Wednesday, October 31, 2018

Betty -- fiercely independent

... the fine hooks of seeds tangled in this hair ...
I was in the yard, preparing for winter by raking leaves.

I was idly aware that Betty and Alice were climbing the ladder under the birch tree.

When I paid more attention, I could see Alice shaking the branches so that the little seed pods landed in Betty's hair.

Betty was enjoying the confetti.

"It feels fine grandmother."
What a mess!

All those fine ringlets now tangled with the little hooks that seeds have so that they can travel along on whatever brushes by them.

I had no idea how her hair would ever be the same again.

She was resistant to letting me detangle her hair.  She said she could do it on her own.

And that is her.

I couldn't get within three feet of her.

Fiercely independent.

When she went inside she tried to put on her pink jacket.

I could see that it had a giant twist in the back of the jacket.

But there was no way she was going to let me touch that jacket.

So she fought with it herself and finally got both arms in.

And she was so pleased with herself.

I couldn't help laughing for the back of the jacket now showed that twist and although it looks as though it could be a fashion point, it is not.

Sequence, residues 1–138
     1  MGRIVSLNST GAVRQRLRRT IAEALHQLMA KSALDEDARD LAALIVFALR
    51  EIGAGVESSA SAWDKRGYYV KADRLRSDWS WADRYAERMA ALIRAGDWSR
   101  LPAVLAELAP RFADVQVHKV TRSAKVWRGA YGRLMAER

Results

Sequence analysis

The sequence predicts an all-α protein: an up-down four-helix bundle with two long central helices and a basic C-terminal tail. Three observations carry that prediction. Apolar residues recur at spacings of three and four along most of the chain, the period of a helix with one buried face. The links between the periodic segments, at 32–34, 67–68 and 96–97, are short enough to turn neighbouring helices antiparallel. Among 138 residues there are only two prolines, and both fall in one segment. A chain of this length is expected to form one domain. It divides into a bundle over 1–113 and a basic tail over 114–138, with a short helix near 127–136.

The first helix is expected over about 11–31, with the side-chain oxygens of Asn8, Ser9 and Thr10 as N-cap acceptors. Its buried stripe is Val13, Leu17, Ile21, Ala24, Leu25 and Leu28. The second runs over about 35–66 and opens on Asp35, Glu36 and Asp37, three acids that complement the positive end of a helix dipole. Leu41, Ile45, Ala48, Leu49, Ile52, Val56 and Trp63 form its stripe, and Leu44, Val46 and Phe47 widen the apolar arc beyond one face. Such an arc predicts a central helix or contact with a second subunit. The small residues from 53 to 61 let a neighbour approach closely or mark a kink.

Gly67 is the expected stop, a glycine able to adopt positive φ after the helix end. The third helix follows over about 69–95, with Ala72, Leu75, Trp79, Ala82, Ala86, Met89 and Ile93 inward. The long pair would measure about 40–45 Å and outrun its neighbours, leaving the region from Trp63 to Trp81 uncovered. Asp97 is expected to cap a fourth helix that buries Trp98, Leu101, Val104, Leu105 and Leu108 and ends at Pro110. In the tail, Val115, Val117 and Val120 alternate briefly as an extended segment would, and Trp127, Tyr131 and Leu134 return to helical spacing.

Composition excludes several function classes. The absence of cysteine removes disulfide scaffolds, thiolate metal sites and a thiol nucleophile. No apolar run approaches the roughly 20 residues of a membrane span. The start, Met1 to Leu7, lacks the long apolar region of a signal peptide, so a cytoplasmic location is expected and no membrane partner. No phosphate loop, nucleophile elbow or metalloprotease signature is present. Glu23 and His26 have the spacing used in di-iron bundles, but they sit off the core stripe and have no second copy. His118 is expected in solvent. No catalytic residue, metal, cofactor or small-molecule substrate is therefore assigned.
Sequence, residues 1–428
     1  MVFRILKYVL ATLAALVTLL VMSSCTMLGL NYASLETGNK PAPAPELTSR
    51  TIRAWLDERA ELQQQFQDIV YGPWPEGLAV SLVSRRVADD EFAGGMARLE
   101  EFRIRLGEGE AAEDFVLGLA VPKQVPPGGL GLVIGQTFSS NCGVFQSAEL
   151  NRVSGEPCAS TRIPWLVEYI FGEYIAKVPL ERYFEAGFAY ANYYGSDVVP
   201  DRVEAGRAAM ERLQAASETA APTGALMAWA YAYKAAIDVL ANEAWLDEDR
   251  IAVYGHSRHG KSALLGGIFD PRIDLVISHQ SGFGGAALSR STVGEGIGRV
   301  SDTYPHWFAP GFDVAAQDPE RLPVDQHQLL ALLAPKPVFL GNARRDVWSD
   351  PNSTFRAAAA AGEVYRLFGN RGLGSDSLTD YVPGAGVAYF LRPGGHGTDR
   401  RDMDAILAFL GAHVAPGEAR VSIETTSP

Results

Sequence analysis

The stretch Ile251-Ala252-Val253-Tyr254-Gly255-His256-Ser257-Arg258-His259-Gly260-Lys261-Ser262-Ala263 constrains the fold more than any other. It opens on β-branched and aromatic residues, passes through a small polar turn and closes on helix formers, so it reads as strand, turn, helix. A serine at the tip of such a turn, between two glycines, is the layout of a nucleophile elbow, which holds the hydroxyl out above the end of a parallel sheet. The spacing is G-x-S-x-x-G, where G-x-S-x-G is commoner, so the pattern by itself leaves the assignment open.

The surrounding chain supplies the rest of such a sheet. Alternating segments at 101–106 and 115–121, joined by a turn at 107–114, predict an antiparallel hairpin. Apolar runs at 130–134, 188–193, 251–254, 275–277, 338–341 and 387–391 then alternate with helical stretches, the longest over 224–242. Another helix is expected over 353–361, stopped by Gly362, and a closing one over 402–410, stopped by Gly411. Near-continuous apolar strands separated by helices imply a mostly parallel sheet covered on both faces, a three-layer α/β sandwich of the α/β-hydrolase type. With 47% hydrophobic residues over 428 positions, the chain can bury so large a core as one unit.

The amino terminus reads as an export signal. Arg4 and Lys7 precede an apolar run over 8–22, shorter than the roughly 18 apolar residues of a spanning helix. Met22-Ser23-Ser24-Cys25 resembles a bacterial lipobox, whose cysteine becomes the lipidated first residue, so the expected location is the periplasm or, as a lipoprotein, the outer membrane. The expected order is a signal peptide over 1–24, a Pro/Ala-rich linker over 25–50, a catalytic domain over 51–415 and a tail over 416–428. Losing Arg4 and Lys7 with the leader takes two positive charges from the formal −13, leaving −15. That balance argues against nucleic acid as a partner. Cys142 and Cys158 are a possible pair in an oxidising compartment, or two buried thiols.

She just won't let anyone help her.

3 months past 3 years and ready to go it on her own.

Our Betty!

Before ... and after

the pirate, the spider lady, Princes Leia, one eye-dragon


 ... pure bliss....

Going in Character

Rosie who really pulled off Halloween
with costuming making
and make-up for all.
Miranda and I did some errands this morning, taking back items I didn’t need to Ikea and buying hooks for other projects from Michaels, as well as visiting Home Depot.

We really got around.

Miranda told me that the wonderful Princess Aleia costume Alice had worn to the ward party had come from Lurene and Miranda did not want Alice to wear it out Halloweening and risk getting it dirty.

An inside party, yes, but too much dirt walking up and down the city streets.